Ad Hoc Committee on Statelessness and Related Problems, First Session: Summary Record of the Nineteenth Meeting Held at Lake Success, New York, on Wednesday, 1 February 1950, at 11 a.m.
Chairman: Mr. Leslie CHANCE Canada
Mr. CUVELIER Belgium
Mr. GUERREIRO Brazil
Mr. CHA China
Mr. LARSEN Denmark
Mr. ORDONNEAU France
Mr. ROBINSON Israel
Mr. KURAL Turkey
Sir Leslie BRASS United Kingdom of Great Britain and Northern Ireland
Mr. HENKIN United States of America
Mr. PEREZ PEROZO Venezuela
Representative of a specialized agency:
Mr. WEIS International Refugee Organization (IRO)
Consultants from non-governmental organizations:
Mr. STOLZ American Federation of Labor (AF of l)
Mr. LEWIN Agudas Israel World Organization
Mr. BERNSTEIN Co-ordinating Board of Jewish Organizations
Miss BAER Women's International League for Peace and Freedom, International League of the Rights of Men
Mr. HUMPHREY Director of the Human Rights Division
Mr. HOGAN Secretary of the Committee
INTERNATIONAL STATUS OF REFUGEES AND STATELESS PERSONS: DRAFT CONVENTION RELATING TO THE STATUS OF REFUGEES (E/AC.32/2, E/AC.32/L.3) (continued)
Article 23 (Administrative assistance)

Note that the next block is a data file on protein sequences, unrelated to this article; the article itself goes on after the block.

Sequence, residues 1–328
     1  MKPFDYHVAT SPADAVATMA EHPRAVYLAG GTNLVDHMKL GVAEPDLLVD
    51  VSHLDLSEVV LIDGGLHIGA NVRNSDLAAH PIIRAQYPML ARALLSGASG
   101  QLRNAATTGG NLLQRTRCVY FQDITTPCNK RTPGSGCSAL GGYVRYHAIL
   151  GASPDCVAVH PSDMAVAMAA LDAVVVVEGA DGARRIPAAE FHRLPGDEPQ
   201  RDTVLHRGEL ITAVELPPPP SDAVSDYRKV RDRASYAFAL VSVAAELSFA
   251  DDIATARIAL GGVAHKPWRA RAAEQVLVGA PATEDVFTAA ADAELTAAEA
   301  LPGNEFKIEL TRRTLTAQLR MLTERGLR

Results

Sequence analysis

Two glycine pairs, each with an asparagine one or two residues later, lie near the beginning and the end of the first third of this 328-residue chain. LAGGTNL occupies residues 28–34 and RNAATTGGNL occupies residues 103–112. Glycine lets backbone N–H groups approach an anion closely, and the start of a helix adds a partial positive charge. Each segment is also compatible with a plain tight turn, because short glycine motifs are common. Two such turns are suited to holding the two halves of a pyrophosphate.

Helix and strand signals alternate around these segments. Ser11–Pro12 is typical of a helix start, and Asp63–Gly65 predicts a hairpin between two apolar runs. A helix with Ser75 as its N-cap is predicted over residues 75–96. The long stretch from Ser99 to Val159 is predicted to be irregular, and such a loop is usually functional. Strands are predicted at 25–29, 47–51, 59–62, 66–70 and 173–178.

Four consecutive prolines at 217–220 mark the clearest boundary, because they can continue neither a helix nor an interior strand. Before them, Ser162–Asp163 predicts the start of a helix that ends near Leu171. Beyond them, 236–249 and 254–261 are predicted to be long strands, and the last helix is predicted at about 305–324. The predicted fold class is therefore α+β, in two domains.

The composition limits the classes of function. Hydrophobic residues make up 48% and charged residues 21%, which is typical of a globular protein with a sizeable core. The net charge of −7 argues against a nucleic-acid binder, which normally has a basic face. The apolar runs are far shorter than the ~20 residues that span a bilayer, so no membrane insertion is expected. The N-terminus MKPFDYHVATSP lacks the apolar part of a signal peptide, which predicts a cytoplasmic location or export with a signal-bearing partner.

1. Mr. ORDONNEAU (France) noted that the French text (E/AC.32/L.3, article 18), which included a reference to the High Commissioner for Refugees, would leave each State free to decide whether administrative assistance should be furnished by its own national authorities or by an international authority, if such authority existed. It was not intended to impose duties upon the High Commissioner nor to give him exclusive competence in the matter.
2. Mr. HENKIN (United States of America) feared that a reference to an international authority might create difficulty. The High Commissioner had not yet been appointed, the nature of his functions were not known, and it was still not clear whether he would administer them through offices in various countries or through a central agency. There was a danger that some countries might seek to relieve their own agencies of administrative responsibility by referring refugees to an international authority which had in fact not yet been established, and might not ultimately be required to deal with the matters discussed in article 23. In order to eliminate the risk of leaving refugees unprotected, it seemed advisable to make it mandatory upon Governments to assume responsibility except when an international authority functioning in their territory was in a position to do so. In the latter event, States should retain the option of accepting the authority of an international organ.